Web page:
What does this have to do with breastfeeding? Or my work as a lactation professional? I already knew there was more to the story than just baby wasn’t latching well, or gaining well, or mother was in pain, or the many common issues dealt with. When a mom says her baby is adamantly *refusing* to breastfeed, you have to get the details.
I told her to start at the beginning, with the birth, before we even discussed breastfeeding.
Not only did the child have some birth trauma—she rejected the breast from day one, from feeding one. This isn’t usually the case, by a long shot. Even a baby having a hard time latching is typically pretty excited about being fed.
This already puts this story as one I must really listen to to understand what this baby is telling her mother, and not just give the usual advice about how to latch a baby onto a breast. Not only was the baby not wanting to feed—which I personally feel was probably due to shoulder and neck pain from the position she was stuck in in utero or the birth—but a nurse, probably using a method that may have worked just fine with another baby—was pushing the baby to the breast. I wasn’t there, and so I’m not criticizing what may or may not happened—but according to the mother, the baby was being forcefully pushed towards her breast and it was decidedly NOT working, making the baby more and more upset.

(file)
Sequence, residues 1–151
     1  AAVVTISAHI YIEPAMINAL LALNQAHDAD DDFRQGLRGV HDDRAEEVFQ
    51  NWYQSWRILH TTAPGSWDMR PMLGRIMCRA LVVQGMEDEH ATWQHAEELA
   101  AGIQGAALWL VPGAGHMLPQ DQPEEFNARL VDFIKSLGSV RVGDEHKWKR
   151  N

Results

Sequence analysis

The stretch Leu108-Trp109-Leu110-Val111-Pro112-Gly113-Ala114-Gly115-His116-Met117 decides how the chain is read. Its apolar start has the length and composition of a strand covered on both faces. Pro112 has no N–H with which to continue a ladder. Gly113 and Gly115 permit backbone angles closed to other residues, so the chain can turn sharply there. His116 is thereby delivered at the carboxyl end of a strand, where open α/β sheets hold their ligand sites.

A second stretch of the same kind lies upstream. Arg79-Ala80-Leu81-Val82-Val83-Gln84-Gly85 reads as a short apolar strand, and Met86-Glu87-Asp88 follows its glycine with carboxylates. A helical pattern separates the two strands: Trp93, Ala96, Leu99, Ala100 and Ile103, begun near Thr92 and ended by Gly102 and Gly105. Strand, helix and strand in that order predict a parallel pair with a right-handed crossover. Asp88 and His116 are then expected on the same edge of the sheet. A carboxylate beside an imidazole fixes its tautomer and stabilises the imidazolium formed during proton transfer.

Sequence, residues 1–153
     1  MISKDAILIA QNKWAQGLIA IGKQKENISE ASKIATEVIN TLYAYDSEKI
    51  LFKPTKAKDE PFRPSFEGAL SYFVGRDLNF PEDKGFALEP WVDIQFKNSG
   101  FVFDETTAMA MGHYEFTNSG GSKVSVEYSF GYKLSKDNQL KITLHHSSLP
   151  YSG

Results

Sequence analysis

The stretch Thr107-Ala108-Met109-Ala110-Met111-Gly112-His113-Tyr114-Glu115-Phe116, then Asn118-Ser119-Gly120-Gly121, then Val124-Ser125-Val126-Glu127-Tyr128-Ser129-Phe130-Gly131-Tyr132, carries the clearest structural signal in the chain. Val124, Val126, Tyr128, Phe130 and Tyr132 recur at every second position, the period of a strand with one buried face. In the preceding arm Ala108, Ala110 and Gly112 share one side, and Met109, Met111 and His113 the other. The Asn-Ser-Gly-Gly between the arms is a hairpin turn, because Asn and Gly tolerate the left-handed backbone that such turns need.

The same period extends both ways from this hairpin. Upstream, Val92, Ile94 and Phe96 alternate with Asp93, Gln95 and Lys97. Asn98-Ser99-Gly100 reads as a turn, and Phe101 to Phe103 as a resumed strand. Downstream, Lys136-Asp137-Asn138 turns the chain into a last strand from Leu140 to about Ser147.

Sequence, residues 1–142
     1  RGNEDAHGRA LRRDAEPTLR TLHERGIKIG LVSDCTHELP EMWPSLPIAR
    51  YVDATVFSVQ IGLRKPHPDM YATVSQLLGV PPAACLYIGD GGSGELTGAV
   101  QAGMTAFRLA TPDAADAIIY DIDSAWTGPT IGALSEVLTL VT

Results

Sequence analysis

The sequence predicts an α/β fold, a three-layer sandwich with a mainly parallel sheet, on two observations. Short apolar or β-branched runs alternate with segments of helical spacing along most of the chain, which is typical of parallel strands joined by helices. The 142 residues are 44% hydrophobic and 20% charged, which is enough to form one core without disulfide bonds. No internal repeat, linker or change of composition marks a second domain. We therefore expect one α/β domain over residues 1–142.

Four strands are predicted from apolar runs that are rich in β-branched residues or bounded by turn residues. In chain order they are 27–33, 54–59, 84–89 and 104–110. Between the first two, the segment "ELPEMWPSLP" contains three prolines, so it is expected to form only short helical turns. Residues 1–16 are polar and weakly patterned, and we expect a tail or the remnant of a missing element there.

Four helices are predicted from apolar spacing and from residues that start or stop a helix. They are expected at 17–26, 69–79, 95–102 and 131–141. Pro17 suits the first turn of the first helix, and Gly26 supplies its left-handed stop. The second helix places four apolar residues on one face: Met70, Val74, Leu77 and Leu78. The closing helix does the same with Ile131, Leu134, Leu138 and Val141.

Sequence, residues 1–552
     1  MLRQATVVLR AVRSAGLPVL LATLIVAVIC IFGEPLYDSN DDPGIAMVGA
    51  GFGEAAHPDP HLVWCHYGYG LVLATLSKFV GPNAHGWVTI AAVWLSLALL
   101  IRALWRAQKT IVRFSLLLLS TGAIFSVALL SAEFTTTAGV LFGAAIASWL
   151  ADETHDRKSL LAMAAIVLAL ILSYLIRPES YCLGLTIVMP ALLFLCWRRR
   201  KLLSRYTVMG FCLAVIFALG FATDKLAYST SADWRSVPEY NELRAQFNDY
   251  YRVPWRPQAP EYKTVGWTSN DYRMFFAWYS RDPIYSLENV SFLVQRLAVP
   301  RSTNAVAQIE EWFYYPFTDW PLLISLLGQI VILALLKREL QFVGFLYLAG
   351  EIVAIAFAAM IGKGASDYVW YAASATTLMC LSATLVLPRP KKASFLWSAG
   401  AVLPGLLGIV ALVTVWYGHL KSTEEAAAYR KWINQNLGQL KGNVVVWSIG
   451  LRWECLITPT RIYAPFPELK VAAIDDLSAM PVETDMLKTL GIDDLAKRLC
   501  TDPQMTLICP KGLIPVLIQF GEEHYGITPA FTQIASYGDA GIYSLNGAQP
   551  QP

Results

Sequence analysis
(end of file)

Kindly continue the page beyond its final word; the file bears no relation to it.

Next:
A calm baby with no stress, no pain from birth trauma, can be encouraged to latch quickly and firmly, probably without it harming her feelings toward breastfeeding. Babies can be pretty adamant and voracious in trying to find the nipple, actually. And thus, I think that if a baby is crying and refusing the breast from day 1, before so much as a bottle has even been introduced, we absolutely must listen to what the baby is telling us, and listen to the mother’s intuition.
This mother may get all types of advice from well-meaning friends, some encouraging breastfeeding, some not—but few understanding what this motherbaby pair is dealing with. I spent my time listening to her, rather than the usual observing nursing and giving pointers.
I reassured her that any and all of the things she has or is beginning to deal with—engorgement, pumping, a little nipple confusion, possible reflux or food intolerance—each and every one of those things are difficult for a mom without her unique story.
I told her that were this to be my fourth child– three times I’ve nursed a baby—and with all that experience, this would be hard, and challenging, and would take all my strength to stay calm and continue to work for the breastfeeding relationship I thought I would have, but that is just not working at this time.
The baby still refuses the breast, but is eating by bottle and is sleeping well. This is not a baby that one can just give a few tips to the mother and will get over a bit of latch issue or nipple confusion in a week.
The look of gratitude on her face when I told her the number one rule, above all this stuff to try to make breastfeeding work, is FEED the BABY. A tired, hungry, spent baby cannot learn to breastfeed. So whether it is with SNS, cup, syringe, bottle or breast, FEED the baby. The nipple confusion and latch issues from bottle feeding can be dealt with— the baby will get older, stronger and bigger. My friend feels that “breast is best” but that no one can understand her baby’s outright refusal, often with screaming, to breastfeed.